Newly-elected Scottish Labour leader Richard Leonard secured his convincing victory after an unprecedented campaign by Unite to persuade more trade unionists to vote in the contest, HuffPost UK has learned.
Leftwinger Leonard, who won lavish praise from Jeremy Corbyn at a joint event on Monday, beat his rival Anas Sarwar by 57% to 43%.
Leonard was only a few hundred votes ahead among party members, but clinched the leadership by winning more than three quarters of trade union affiliates in the election.
The former union official – who was backed by all the big unions in Scotland – romped home after a highly effective text message campaign to sign up Unite members to vote in the race.
Of the 10,500 new union affiliates eligible to vote, more than 80% of them (8,800) were members of Unite, internal party figures reveal.
The increase dwarfed the 3,500 new party members signed up by Sarwar, many of them from Glasgow’s Asian community, and appears to have proved decisive in the outcome.
Leonard won the overall race by nearly 3,000 votes, taking 12,469 to Sarwar’s 9,516. Crucially, Leonard won 3,200 votes from union affiliates and his rival managed just 961 votes.
Among party members, he was ahead of Sarwar by 9,150 (51.8%) votes to 8,514 votes (48.2%).
Sarwar supporters had hoped he would benefit from the traditionally ‘centrist’ instincts of the party membership north of the border, but the ‘Corbyn effect’ helped Leonard win key chunks of members as well as union votes.
The contest was triggered by the shock resignation of Kezia Dugdale, who is currently starring on the reality TV show ‘I’m A Celebrity, Get Me Out Of Here’. At stake was not just the Scottish leadership but a crucial place on the party’s ruling National Executive Committee.
Under Scottish Labour rules, members can either join the party as a full member, sign up as a registered supporter or become a supporter of an affiliated trade union.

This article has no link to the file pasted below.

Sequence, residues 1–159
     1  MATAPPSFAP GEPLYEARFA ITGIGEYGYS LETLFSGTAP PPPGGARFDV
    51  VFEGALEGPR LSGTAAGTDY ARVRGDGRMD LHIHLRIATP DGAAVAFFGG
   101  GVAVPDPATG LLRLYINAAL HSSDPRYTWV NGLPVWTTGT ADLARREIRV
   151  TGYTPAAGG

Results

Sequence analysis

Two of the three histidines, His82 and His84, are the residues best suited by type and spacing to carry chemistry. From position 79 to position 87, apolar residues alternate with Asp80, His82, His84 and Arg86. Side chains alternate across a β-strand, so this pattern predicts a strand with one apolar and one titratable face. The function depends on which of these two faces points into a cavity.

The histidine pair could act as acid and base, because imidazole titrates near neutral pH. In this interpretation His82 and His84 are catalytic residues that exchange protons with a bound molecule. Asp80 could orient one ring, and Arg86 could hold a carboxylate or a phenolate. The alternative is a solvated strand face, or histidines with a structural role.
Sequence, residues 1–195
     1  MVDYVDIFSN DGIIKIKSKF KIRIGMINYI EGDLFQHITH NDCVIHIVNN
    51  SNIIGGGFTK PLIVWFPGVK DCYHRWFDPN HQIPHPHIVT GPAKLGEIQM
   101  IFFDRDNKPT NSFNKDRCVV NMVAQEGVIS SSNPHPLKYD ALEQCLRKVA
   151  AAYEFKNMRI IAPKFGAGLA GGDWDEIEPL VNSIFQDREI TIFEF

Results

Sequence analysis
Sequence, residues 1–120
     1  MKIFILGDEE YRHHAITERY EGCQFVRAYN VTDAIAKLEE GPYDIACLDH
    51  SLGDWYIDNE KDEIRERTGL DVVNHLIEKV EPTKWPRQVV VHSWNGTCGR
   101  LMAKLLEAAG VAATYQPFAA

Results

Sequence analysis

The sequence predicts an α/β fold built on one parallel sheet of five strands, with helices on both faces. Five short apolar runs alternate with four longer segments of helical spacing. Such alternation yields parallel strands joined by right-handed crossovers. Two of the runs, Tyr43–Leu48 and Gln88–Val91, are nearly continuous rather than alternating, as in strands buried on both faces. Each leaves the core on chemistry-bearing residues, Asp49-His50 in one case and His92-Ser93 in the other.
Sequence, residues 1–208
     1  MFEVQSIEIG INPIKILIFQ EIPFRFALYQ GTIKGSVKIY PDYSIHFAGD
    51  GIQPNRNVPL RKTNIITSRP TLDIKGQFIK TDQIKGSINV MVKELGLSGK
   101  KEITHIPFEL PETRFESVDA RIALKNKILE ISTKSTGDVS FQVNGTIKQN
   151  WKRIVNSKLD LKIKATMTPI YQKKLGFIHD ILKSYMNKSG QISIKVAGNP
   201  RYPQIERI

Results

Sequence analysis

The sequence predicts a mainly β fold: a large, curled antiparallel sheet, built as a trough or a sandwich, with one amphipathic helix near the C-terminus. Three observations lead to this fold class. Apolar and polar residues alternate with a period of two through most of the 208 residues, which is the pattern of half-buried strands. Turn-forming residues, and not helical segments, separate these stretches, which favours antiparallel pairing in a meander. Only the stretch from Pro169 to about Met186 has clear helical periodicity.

During an often bitter contest, Sarwar supporters accused Leonard supporters of breaking the rules with the mass text of Unite members, a charge which was rejected by party officials.
Former Shadow Scottish Secretary Ian Murray even claimed that the election process appeared “rigged” to boost Leonard’s chances. The party insisted Unite’s actions were within the rules and those signed up eligible to vote.
In Glasgow on Monday, Corbyn praised Leonard as he unveiled 12 policy reviews for areas such as council funding, housing, children’s health, climate change and a commission on tax reform.
Dugdale repeatedly clashed with Corbyn at the ruling NEC, but the Labour leader said he would “work as closely as possible” with Leonard, adding “the whole party and movement must campaign together”.
Leonard praised Corbyn’s “principles, policies and integrity”, declaring he would now take the fight to the SNP.
His supporters pointed out that when the Sarwar ‘block vote’ of new members was stripped out, Leonard won by 70% to 30% among members.
Even some former backers of Owen Smith, who outpolled Corbyn in Scotland last year, backed Leonard’s vision for a clean break with the party’s recent past.